Former ITT Executives Settle Charges with SEC

By Emily Isaacman, NASFAA Communications Intern

The Securities and Exchange Commission (SEC) reached a settlement Friday with two senior executives from the now defunct ITT Educational Services, Inc. (ITT), a for-profit chain that closed in 2016 after losing compliance with its accreditor, the Accrediting Council for Independent Colleges and Schools (ACICS), and being essentially barred from participating in Title IV programs.

The officials — former Chief Executive Officer Kevin Modany and former Chief Financial Officer Daniel Fitzpatrick — were charged in 2015 with concealing from investors the catastrophic financial conditions of two student loan programs ITT financially guaranteed. If not for the agreement, the executives would have entered trial starting Monday.  

“Holding individuals accountable — particularly senior executives — is a critical focus of our enforcement program,” said Stephanie Avakian, co-director of the SEC’s Division of Enforcement, in a statement Friday. “These settlements, entered into on the eve of trial after years of litigation, reflect our commitment to this accountability.”

In an effort to provide security to weary investors, ITT offered financial guarantees for two student loan programs it created. The original SEC complaint alleged the executives made several “false and misleading statements to hide the magnitude of ITT’s guarantee obligations.”

The scheme was one of many instances subject to investigations and lawsuits, including a 2014 Consumer Financial Protection Bureau (CFPB) allegation that ITT coaxed students into high-cost private student loans. After ACICS, which is facing its own rounds of scrutiny, found the for-profit chain to be out of compliance with accreditation standards in 2016, the Department of Education (ED) increased federal oversight and revoked ITT’s ability to enroll new students who receive federal financial aid. The company closed and filed for bankruptcy soon after.

The abrupt action left thousands of students, enrolled in 137 campuses spanning 38 states, scrambling to continue their education elsewhere or receive relief for student debt no longer balanced by the promise of a degree.

ITT’s tuition costs were significantly higher than those at community colleges or public four-year institutions. An associate degree could cost more than $44,000, and bachelor’s degree programs could cost $88,000, according to the CFPB.

Although most of ITT’s revenue came from federal aid — explaining why ED’s 2016 crackdown delivered a fatal blow — the remainder was attributed to risky private lenders the company encouraged students to utilize and student loan programs ITT created itself.

The SEC complaint alleged the company fraudulently operated two programs it created to hide the financial state of the student loan pools from investors and auditors. To maintain the facade, ITT officials made regular payments on delinquent student borrower accounts to delay impending default and trigger guarantee payments, deceiving investors of the true financial status of the loans.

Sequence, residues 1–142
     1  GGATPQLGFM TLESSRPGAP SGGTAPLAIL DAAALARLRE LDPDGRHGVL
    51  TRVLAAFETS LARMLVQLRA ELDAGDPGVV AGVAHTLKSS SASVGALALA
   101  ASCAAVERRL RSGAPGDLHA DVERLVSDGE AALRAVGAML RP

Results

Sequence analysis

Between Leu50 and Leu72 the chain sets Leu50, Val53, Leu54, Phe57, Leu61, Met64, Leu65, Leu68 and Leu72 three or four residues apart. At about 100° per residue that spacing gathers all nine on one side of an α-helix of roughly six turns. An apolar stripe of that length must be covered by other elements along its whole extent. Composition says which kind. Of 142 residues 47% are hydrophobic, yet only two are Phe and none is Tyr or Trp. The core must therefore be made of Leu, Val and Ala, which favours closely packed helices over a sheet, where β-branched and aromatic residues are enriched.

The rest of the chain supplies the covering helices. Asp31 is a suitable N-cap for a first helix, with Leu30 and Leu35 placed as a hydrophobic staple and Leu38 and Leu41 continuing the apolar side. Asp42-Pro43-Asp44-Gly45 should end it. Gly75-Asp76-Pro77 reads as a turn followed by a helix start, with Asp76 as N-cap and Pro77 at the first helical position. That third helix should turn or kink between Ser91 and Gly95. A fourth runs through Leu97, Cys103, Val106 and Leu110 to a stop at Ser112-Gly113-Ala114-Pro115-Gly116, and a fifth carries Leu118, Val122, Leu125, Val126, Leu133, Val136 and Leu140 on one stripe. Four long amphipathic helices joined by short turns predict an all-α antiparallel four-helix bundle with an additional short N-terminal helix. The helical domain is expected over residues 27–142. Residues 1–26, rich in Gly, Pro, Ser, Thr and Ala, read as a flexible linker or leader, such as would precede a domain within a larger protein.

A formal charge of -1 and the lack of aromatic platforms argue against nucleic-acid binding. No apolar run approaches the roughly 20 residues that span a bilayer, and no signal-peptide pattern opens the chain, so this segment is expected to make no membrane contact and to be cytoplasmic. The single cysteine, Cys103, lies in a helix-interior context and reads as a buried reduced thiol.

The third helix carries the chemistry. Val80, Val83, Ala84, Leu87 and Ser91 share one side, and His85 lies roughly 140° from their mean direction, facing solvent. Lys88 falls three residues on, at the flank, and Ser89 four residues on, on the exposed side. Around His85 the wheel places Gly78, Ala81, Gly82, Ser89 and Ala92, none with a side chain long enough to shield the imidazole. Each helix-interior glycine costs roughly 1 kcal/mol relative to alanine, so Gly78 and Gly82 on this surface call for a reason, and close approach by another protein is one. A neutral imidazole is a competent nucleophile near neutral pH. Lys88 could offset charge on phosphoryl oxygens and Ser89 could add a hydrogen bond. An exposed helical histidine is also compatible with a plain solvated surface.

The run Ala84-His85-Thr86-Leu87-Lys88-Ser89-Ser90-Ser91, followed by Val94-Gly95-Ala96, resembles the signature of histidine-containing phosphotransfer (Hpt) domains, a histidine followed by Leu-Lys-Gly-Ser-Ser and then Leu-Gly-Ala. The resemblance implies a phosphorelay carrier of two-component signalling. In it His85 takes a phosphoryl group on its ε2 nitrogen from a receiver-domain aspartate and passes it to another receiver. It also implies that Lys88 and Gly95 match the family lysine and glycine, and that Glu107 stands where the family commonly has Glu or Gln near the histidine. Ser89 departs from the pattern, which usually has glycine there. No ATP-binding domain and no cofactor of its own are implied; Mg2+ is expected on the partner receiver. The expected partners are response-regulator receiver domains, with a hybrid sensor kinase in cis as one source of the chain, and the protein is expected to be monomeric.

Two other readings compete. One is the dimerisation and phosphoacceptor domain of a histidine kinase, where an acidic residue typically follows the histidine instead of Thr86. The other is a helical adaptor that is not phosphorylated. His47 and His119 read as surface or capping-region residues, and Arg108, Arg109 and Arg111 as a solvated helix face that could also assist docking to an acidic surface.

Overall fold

“Our complaint alleges that ITT’s senior-most executives made numerous material misstatements and omissions in its disclosures to cover up the subpar performance of student loans programs that ITT created and guaranteed,” said Andrew  Ceresney, director of the SEC’s Division of Enforcement, in a 2015 statement.

The resolution Friday prohibits the executives from serving in senior positions at public companies for five years, suspends them from practicing as accountants before the SEC, and requests financial payments of $200,000 for Modany and $100,000 for Fitzpatrick. Neither official admitted or denied the allegations.

While the agreement concludes the SEC’s law enforcement actions against ITT, thousands of defrauded students are still embroiled in a battle for debt relief.

Upon the company’s closure, enrolled students could choose to either apply to discharge their loans or transfer their credit hours to another institution, foregoing the option of loan discharge. In 2016, ED promulgated borrower defense rules to help students who wanted to discharge their student loan debt. But in 2017, Secretary of Education Betsy DeVos froze this practice and proposed new rules, which are slated for publication in the coming weeks, following a series of negotiated rulemaking sessions.

Thirteen senators, including Sen. Elizabeth Warren (D-MA), who has proclaimed herself a DeVos watchdog, wrote a letter in April that urged DeVos to accelerate student loan debt relief for defrauded borrowers.

“More than a year after ITT Tech's closure, significant numbers of former students and their families remain stuck in financial limbo and with credits and degrees of little labor market value,” the senators wrote.

 

Publication Date: 7/10/2018


Michelle C | 7/10/2018 3:31:45 PM

and what pray tell were the salaries of these two men even on an annual basis -yet alone over the course of their time at ITT - you can be sure it's significantly more than $100-$200 K that they are fined. Bottom line is crime actually does pay - but one look at the current administration and that's a no-brainer too.

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